after previously having collected points at some of the other sponsors.
    - This effect could be supported by special coalition marketing campaigns.
        Clark & Clark (2009) reported an example from the Canadian franchise of
        Air Miles, which had once offered a 50% reduction in miles required for a
        free flight to every customer who had collected points with at least five
        coalition sponsors.
   Higher penetration rate:
    Coalitions can often boast a quick achievement of a high customer penetra-
    tion rate through broad appeal, a generally higher media presence, as well as
    the other advantages benefiting customers. For example, Clark & Clark hig-
    hlighted that UK’s Nectar had signed up more than 11 million members with-
    in 12 months and 13 million within 18 months following its launch (which
    corresponds to a penetration rate of around 21%, given a total population of
    roughly 61 million people). By comparison, Germany’s Payback (2001) re-
    ported 10 million active cards 16 months after launch (equating to a 12% pe-
    netration rate based on a total population of around 82 million). Apart from
    coalitions, such high numbers can really only be achieved by very large and
    long-standing stand-alone programs.
   Generation of appeal for a wider range of companies:
    Particularly firms offering products characterized by a low purchase frequen-
    cy might be more successful participating in a coalition program than operat-
    ing a stand-alone scheme. While it might become a problem that customers
    will not maintain interest in a stand-alone scheme, this issue would likely be
    mitigated in the case of a coalition. In addition to that, Clark & Clark (2009)
    noted, customers used to collecting low point volumes often look forward to
    scoring a big chunk of points at once.
   Firm-related benefits through industry exclusivity:
    Another point that makes coalitions appealing to organizations is the possibil-
    ity of keeping the program sector-exclusive. This practice is employed by
    most retailing coalition schemes, giving the first firm to enter exclusivity
    within its sub-sector. Once the program reaches a high level of penetration,
    this could even act as a source of competitive advantage.
   Greater simplicity for the customer:
    Due the fact that only one account needs to be tracked and taken care of,
    complexity for the customer is reduced to some extent.

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4.2.2 Disadvantages

Coalition schemes boast several advantages, but this does not mean that they are
free from disadvantages. Naturally, there are downsides associated with these
schemes as well. The following list aims to cover the most important ones (Humby
et al. 2008, Clark & Clark 2009):
 Issues regarding ownership of data:
  Similar to consumers, partner companies of coalition schemes might also be
  concerned by privacy issues. In this case, the concern revolves around com-
  pany-related data being handled by a third party. Adding up to this is the fact
  that each company’s data is pooled together with that of other companies.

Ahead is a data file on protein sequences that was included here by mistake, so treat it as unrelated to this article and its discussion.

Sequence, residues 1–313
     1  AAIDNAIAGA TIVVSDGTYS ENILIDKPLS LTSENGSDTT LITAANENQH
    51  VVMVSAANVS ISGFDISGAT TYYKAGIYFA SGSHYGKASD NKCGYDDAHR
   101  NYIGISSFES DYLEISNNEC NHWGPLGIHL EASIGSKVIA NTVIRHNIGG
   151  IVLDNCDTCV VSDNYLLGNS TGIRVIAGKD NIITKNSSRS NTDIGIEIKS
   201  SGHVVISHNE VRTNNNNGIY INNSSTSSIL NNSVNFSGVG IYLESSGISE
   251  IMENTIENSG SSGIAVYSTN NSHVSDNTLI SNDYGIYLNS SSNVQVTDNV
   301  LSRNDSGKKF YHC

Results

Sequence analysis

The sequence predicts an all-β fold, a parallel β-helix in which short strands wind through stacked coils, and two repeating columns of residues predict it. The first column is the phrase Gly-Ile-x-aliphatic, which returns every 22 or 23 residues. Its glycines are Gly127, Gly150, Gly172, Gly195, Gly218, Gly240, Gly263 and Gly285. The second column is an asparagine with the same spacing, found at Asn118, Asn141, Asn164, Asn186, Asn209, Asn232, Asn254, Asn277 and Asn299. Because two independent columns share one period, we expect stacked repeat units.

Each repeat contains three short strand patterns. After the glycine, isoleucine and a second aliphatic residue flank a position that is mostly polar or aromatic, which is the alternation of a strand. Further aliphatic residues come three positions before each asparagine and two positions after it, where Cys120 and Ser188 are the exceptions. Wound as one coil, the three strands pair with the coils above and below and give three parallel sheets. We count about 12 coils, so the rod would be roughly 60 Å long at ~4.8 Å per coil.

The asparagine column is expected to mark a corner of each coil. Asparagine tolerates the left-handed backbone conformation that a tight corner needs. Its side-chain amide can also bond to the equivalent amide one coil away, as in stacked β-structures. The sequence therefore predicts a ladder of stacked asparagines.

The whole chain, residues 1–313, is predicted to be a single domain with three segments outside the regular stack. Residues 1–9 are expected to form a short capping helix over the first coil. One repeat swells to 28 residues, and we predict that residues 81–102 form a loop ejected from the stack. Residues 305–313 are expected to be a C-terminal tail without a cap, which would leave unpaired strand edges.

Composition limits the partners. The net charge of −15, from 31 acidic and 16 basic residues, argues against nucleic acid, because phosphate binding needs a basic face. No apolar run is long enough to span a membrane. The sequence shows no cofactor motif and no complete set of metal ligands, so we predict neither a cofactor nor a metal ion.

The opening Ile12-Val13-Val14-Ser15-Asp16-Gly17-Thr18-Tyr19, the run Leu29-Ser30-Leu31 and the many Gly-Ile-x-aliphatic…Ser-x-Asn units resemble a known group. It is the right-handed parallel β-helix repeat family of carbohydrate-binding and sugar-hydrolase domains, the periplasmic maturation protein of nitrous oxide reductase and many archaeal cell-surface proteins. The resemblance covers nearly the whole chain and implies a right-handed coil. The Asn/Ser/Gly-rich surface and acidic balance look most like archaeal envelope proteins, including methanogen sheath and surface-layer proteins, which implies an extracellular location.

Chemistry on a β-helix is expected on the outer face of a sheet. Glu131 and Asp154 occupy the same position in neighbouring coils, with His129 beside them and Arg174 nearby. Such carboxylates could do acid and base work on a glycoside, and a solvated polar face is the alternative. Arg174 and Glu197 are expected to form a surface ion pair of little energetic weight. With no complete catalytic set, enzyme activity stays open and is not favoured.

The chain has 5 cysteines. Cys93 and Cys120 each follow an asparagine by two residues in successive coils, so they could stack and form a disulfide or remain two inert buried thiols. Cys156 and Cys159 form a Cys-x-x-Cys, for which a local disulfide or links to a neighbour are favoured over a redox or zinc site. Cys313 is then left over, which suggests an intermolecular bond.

Within every loyalty coalition, there will be contracts dealing with the topic
  of data ownership. Clark & Clark reported that for retailers, article-level
  basket data is typically both held and owned by the partner companies.
  Therefore, coalition operators would only hold customer information and da-
  ta on the number of points collected by location and date. In practice, howev-
  er, it differs from case to case whether coalitions really do not have access to
  detailed purchase histories, particularly to undertake valuable inter-industry
  customer segmentations based upon buying behavior. At any rate, the issue of
  data ownership is definitely a significant one. For instance, Nicolai (2003) re-
  ported that the negotiations between Shell Germany and the coalition scheme
  Payback failed because the fuel retailer did not want to leave control over cus-
  tomer data to a third party. It needs to be added, however, that Shell was at that
  time operating its own loyalty scheme and that negotiations only took place be-
  cause Shell took over the German DEA chain, which was then part of the Pay-
  back coalition. Given this scenario, it might be argued that the outcome was
  predetermined to a certain extent. In addition to that, Nicolai wrote, Shell was
  unwilling to give up the flexibility that only its own scheme could provide.
 Target of customers’ loyalty unclear:
  In case of coalition schemes, the question remains whether customers are
  actually becoming loyal to the partner company or to the program instead. In
  other words, it is unclear whether the link between customer and program
  sponsor is strengthened at all. An interesting report on this problem comes
  from Humby et al. (2008), who described the switch of the UK’s grocery re-
  tailer Sainsbury’s from the long-established Air Miles coalition to the then
  new Nectar coalition in 2002. Upon this change, Tesco decided to take
  Sainsbury’s space in Air Miles and allowed for a conversion of its own Club-
  card points to Air Miles. A week into the new partnership, Tesco claimed to
  have experienced a 450% increase in the use of its online store finder and a
  300% increase in enquiries about home shopping. Furthermore, Tesco de-

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clared that one million new Clubcards were distributed. Ultimately, Humby